Prioritising safety of customers

Khor is now using adhesive tape to seal plastic bags containing biscuits instead of staples. — CHAN BOON KAI/The Star

For years, kuih trader Nur Aqidah Mohamad Hidir has refrained from using staples to seal her food containers.

The 30-year-old, who started her business about six years ago, said she uses rubber bands instead because this is safer and more convenient for her customers.

“All these years, I’ve used only rubber bands. My father is strictly against the usage of staples.

“My customers can reseal the containers or reuse the bands after disposing of the containers.

“Most importantly, this way is safer for children who might struggle with opening containers that are sealed with staples. There is also the risk of the staples falling into the food.

“To us traders, cost is the least of our concern,” said Nur Aqidah, who trades in Jelutong, Penang.

Biscuit seller Khor Beng Chuan, 34, who joined his father’s business over 10 years ago, said using staples to seal plastic bags was faster, but they have stopped the practice to comply with the law.

“Staples will ensure that the bags do not reopen while adhesive tape may peel off.

“However, to comply with the law, we now use adhesive tape instead to seal our packages.

“This method takes us a bit more time but is not too troublesome.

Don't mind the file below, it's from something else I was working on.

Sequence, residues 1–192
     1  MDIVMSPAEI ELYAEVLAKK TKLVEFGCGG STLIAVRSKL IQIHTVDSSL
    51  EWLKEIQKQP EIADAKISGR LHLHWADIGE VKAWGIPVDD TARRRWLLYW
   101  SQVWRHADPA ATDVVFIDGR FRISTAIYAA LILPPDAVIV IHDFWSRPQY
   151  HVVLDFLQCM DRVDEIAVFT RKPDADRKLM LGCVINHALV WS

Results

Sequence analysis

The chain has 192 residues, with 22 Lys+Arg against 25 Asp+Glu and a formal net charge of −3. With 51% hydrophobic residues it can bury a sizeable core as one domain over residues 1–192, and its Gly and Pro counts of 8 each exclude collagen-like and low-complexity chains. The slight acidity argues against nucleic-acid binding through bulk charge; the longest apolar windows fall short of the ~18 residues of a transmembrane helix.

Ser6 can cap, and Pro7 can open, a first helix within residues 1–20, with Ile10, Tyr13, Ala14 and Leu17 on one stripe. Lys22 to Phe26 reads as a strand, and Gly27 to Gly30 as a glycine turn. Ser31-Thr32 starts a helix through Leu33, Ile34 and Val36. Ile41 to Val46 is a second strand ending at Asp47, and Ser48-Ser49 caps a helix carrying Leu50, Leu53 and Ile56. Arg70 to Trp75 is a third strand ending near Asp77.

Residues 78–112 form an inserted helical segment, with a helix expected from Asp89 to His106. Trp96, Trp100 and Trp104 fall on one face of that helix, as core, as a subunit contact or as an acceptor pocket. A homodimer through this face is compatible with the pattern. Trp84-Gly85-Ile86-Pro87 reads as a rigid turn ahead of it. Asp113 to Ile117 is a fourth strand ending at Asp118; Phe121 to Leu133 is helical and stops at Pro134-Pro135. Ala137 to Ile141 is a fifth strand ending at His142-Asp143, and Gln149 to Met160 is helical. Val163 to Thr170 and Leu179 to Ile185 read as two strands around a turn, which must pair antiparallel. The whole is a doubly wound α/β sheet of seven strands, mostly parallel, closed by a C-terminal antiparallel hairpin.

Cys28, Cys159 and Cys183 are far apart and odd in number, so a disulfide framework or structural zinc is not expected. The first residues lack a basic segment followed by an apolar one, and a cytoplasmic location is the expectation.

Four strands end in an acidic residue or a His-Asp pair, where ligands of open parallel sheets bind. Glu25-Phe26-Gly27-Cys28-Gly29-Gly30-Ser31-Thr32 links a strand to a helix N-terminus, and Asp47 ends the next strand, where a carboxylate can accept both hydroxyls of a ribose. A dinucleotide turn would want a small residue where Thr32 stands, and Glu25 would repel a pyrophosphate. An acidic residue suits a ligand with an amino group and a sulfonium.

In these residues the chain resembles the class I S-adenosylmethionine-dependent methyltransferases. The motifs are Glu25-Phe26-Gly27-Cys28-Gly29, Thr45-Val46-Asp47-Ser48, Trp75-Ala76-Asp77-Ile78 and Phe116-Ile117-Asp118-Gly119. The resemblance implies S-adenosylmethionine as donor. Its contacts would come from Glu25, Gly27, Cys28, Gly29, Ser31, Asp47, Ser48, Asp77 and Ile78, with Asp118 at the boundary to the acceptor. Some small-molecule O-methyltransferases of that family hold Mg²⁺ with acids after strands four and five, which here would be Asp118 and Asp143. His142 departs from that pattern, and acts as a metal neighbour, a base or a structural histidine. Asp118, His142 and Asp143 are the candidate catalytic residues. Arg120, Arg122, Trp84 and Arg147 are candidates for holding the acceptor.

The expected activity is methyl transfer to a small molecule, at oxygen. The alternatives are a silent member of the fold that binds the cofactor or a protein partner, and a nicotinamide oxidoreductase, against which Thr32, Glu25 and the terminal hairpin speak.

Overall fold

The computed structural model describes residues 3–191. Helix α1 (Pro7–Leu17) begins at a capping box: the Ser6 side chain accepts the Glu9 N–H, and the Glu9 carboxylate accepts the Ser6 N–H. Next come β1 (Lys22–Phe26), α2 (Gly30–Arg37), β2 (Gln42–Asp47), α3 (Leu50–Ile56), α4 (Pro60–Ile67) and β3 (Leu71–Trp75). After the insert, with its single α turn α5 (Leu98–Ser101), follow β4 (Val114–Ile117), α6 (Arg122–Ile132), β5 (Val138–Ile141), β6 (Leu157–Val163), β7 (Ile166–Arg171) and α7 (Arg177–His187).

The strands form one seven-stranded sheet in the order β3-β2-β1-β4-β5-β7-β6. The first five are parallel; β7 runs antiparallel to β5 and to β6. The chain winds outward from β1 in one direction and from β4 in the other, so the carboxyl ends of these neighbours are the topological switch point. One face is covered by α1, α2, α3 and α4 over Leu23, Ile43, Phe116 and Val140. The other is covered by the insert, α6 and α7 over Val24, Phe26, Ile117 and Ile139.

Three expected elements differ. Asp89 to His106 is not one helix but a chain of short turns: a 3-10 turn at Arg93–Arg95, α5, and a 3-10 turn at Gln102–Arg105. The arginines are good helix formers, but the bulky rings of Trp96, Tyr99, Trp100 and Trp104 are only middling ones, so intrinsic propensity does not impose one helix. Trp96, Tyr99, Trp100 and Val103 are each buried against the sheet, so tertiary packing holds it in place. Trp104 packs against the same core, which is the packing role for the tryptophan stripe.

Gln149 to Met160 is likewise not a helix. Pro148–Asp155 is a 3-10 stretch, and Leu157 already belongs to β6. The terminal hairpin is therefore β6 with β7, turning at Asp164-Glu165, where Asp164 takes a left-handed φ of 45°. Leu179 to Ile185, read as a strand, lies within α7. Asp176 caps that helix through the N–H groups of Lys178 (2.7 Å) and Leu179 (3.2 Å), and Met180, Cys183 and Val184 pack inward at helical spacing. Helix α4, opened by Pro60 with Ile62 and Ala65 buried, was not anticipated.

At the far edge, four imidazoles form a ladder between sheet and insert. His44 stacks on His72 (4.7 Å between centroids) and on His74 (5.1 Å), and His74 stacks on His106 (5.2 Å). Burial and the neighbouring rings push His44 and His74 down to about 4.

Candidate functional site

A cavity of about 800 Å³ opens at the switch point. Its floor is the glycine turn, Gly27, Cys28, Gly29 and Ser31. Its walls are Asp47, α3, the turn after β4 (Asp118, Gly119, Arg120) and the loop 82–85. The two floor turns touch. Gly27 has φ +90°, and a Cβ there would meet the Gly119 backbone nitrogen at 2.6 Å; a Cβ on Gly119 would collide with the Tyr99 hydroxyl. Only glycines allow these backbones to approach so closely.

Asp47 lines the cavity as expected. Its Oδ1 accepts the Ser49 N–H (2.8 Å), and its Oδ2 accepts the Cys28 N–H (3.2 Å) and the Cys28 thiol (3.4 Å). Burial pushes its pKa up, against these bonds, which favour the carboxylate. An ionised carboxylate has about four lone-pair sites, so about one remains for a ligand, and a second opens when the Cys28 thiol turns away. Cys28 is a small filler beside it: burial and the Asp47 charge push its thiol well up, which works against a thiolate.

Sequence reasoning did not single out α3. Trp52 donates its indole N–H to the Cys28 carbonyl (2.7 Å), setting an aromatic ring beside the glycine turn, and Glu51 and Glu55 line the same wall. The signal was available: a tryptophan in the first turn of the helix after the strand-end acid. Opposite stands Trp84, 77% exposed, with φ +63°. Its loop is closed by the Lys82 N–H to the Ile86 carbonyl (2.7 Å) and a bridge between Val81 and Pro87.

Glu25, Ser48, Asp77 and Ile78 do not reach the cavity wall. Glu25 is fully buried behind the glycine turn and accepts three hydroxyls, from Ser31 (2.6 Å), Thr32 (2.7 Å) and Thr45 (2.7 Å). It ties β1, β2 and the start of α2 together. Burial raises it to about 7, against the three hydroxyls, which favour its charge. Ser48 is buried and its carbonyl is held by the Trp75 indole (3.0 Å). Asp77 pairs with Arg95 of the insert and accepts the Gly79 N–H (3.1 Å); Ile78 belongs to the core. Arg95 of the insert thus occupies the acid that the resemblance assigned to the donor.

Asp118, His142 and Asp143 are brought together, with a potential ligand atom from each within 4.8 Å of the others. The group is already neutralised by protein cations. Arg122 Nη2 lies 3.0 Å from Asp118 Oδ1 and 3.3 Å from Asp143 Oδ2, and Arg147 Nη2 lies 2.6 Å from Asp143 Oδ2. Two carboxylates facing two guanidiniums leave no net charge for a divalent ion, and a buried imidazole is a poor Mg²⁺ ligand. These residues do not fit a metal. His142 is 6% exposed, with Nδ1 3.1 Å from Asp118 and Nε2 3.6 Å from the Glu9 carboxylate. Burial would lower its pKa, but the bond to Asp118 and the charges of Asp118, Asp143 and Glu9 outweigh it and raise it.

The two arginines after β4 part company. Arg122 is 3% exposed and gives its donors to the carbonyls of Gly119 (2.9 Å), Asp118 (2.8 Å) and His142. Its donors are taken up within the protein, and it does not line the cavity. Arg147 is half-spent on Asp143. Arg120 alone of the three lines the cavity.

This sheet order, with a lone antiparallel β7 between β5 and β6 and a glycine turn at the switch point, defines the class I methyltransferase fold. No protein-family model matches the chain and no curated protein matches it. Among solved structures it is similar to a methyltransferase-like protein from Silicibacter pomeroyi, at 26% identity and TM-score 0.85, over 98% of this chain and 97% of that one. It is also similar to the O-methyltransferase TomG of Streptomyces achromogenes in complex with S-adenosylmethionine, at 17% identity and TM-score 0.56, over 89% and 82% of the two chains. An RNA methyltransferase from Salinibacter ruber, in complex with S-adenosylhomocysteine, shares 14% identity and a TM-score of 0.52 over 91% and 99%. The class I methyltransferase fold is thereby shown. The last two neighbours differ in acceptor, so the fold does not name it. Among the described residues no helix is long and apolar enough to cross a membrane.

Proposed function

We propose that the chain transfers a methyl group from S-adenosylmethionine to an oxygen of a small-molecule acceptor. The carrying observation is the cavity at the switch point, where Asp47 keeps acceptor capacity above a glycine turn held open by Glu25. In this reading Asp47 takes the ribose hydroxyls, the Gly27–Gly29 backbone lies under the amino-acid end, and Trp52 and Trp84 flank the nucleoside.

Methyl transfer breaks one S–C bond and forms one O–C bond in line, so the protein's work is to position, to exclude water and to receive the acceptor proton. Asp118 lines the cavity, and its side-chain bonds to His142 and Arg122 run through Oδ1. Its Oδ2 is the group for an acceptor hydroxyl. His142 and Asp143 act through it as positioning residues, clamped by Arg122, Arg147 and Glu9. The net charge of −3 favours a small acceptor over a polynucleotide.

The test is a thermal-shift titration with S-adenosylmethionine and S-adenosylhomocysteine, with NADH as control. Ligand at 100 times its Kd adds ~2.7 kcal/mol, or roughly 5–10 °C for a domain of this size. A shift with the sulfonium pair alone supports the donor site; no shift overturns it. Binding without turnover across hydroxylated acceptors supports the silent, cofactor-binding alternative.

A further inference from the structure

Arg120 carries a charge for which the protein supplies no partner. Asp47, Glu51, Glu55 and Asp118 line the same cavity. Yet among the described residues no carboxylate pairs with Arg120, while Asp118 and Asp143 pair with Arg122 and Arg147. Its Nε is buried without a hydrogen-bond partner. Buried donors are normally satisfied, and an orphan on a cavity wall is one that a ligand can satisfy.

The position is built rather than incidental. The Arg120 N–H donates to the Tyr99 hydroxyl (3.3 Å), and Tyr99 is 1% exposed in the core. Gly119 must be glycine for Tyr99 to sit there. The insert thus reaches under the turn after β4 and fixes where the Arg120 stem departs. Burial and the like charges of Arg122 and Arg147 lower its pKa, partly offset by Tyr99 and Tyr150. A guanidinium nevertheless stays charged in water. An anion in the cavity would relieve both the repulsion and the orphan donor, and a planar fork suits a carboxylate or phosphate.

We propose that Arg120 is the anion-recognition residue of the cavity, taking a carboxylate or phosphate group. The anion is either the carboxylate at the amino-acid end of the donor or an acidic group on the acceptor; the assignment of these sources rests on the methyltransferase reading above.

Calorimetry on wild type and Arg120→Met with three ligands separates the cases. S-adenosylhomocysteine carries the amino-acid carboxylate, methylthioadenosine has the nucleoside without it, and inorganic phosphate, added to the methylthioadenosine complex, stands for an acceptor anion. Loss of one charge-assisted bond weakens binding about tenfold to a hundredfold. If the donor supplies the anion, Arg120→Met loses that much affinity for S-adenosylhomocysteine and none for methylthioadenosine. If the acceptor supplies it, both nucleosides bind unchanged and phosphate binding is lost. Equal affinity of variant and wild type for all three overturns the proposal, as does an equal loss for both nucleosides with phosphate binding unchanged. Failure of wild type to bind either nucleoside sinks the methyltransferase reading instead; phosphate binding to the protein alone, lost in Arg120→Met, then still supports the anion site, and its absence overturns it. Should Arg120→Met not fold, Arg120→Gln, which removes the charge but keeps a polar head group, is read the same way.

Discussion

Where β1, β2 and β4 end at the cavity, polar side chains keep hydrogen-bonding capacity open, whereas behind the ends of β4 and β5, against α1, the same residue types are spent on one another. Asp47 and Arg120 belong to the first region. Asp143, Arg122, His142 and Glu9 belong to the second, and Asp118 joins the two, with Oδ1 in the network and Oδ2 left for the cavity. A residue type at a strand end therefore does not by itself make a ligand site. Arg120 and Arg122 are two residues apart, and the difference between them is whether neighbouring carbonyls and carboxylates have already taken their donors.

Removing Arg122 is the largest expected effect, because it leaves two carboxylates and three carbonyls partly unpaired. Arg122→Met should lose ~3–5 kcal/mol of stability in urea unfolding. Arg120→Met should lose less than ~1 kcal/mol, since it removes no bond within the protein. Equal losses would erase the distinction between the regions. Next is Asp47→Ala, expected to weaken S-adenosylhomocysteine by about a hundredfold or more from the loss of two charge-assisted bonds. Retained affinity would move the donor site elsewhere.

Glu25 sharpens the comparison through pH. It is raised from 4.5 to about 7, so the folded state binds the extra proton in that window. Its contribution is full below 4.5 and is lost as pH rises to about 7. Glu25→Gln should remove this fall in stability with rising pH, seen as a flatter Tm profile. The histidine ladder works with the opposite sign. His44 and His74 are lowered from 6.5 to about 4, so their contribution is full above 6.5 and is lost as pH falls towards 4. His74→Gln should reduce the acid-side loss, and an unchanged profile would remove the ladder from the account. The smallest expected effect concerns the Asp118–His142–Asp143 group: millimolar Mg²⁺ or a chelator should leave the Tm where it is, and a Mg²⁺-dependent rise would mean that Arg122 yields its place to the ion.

“Usage of tapes also makes it safer for children as staples might injure their fingers,” he said.

Checks around the George Town area found some traders were still using staples to seal packages containing raw and dried food ingredients.

Meanwhile, some outlets were seen wrapping their freshly-made food in wax paper before bagging them in plastic bags, while others used containers with clip-on lids.

Penang environment and welfare committee chairman Phee Boon Poh said the usage of staples or nails on food packaging is banned and action can be taken against producers or packagers if found guilty.

“Awareness campaigns and educational enforcement have been ongoing, but there are still many outlets that are unaware of such regulations.

“We have advised and warned these traders to sign a letter of undertaking to not sell food in stapled packages,” he said.

Health director-general Tan Sri Dr Noor Hisham Abdullah recently said traders who use nails, staples or similar items that are dangerous in their packaging could be prosecuted in court.

He added that if convicted, the traders could face a maximum fine of RM10,000, a jail term of up to two years, or both, and heavier sentences could be imposed if such items are found inside the food.

Section 13 of the Food Act 1983 states that anyone found preparing or selling food with hazardous items found inside can face a fine, a jail sentence or both if found guilty.

The maximum sentence under Section 13 is a fine of RM100,000, a jail term of not more than 10 years or both, upon conviction.

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